Speculative fiction, film, and television series are fast-growing genres, in part because they comment on the present. These genres ask readers to consider environmental, technological, and political events and developments in the world today, and the impacts these may have on the world of the future. They are often used by their creators to represent, report, and speculate on key societal issues, such as relations of class, gender, and race, as well as issues of environmental destruction and political conflict. In Canada, speculative writing has become a tool to interrogate colonial enterprises and open up spaces for marginalized groups, including women, Indigenous peoples, members of LGBTQ2S+ communities, and others whose lives are inflected by cultural difference, to assert their identities and create avenues for resistance. A variety of speculative worlds have achieved popularity through films and television/internet series, some of which are literary adaptations. 20/20 Vision: Speculating in Literature and Film in Canada invites researchers and creators in the year 2020 to present their own speculations about the futures and/or societies that are presented in various texts produced in or relating to Canada. What do speculative texts tell us? Which visions of “Canada” do we find in speculative texts? How do these visions reflect our own perceptions of the world? Does this kind of literary imagination help us achieve social change?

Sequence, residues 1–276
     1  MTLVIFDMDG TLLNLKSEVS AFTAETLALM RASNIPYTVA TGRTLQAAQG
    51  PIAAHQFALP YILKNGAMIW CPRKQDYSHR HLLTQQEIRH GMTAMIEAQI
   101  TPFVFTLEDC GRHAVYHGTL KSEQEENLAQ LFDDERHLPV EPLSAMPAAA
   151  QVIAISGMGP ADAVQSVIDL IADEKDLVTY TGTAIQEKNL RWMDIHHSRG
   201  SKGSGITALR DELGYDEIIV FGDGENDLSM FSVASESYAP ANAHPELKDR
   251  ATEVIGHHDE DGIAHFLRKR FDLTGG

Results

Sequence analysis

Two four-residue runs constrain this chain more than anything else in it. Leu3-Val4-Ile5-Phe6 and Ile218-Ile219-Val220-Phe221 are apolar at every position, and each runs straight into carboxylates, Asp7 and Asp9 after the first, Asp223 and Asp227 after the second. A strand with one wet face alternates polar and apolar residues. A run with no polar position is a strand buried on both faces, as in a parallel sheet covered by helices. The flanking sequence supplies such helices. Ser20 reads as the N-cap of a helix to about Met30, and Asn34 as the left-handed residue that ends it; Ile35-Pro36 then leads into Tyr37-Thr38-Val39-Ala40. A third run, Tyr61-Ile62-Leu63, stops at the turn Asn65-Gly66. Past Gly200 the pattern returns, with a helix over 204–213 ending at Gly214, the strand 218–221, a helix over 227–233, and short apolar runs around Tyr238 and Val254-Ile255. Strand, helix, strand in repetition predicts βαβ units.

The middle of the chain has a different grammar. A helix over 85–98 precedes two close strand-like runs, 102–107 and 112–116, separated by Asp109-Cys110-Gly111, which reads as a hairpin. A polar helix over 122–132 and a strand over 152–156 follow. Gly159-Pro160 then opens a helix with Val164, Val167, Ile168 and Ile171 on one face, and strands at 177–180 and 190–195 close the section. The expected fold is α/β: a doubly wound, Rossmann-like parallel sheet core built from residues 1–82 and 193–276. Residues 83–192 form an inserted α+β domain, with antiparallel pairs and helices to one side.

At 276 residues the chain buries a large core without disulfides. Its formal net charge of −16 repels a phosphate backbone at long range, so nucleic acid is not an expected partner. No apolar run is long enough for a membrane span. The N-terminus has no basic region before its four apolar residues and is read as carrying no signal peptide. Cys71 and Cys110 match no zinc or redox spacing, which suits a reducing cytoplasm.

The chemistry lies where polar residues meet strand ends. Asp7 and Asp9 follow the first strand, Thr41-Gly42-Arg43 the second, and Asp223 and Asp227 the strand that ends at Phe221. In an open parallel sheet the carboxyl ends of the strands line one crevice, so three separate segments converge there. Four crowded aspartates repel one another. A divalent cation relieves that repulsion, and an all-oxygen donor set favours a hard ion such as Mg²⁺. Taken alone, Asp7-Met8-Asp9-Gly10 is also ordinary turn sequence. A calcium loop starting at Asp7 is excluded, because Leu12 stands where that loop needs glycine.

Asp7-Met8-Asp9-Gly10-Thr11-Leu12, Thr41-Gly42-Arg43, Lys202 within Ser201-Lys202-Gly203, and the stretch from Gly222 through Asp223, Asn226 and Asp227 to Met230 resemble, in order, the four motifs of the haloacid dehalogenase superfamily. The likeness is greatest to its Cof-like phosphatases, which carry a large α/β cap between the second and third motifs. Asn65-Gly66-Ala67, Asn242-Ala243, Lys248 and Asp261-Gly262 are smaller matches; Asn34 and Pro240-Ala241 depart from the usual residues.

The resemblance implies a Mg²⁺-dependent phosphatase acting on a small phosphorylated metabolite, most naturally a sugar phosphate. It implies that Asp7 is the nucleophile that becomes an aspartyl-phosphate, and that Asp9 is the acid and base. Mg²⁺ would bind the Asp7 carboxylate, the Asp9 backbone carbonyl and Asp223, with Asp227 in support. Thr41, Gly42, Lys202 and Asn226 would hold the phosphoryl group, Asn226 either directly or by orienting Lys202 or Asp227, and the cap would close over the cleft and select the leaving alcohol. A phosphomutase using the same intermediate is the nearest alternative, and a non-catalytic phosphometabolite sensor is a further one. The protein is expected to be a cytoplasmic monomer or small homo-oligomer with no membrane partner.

Proposals for both papers and panels are invited. These can take a range of approaches related to speculative writing in Canada, including:
- Dystopian worlds
- Utopian and anti-utopian worlds
- Apocalyptic scenarios
- Post-apocalyptic futures
- Feminist speculations
- Indigenous speculations
- Decolonizing speculations
- Speculative writing for children
- Speculative poetry
- Climate change and/or technological developments
- Animals in speculative writing
- Speculations on language and power
- Disability in speculative writing
- Gender and sexuality in speculative writing
- Speculation and interdisciplinarity
- Speculations on the screen: movies, documentaries, television and internet series, video games
- Speculative adaptations
- Speculative creation, including the writing of speculative fiction*
*The conference will also host sessions in which creators of speculative genres will be invited to present their works. Authors and artists are invited to propose 20-minute creative pieces; these may involve readings from written works, visual instalments, performance pieces, or film presentations.
Paper proposals should include the following:
- Your name, contact information (including email address and telephone number), and institutional affiliation.
- The title of your proposed 20-minute paper or presentation, AND a proposal of 250-300 words, identifying the works that will be your focus of your paper and outlining the argument to be presented OR describing your creative piece and the method of presentation or performance.
- A 50-word biographical statement.
Panel proposals should include the above information for all participants.
Please e-mail your proposal in a Word document to conference organizers Wendy Roy and Mabiana Camargo of the University of Saskatchewan at email@example.com by February 10, 2020.
Conference acceptances will be emailed in April, 2020. For further information, please visit the website or send an email to firstname.lastname@example.org.
Website link: https://artsandscience.usask.ca/english/2020vision/
After the conference, there will be an open call for expanded papers to be published in a collection of essays on speculations in literature and on screen in Canada.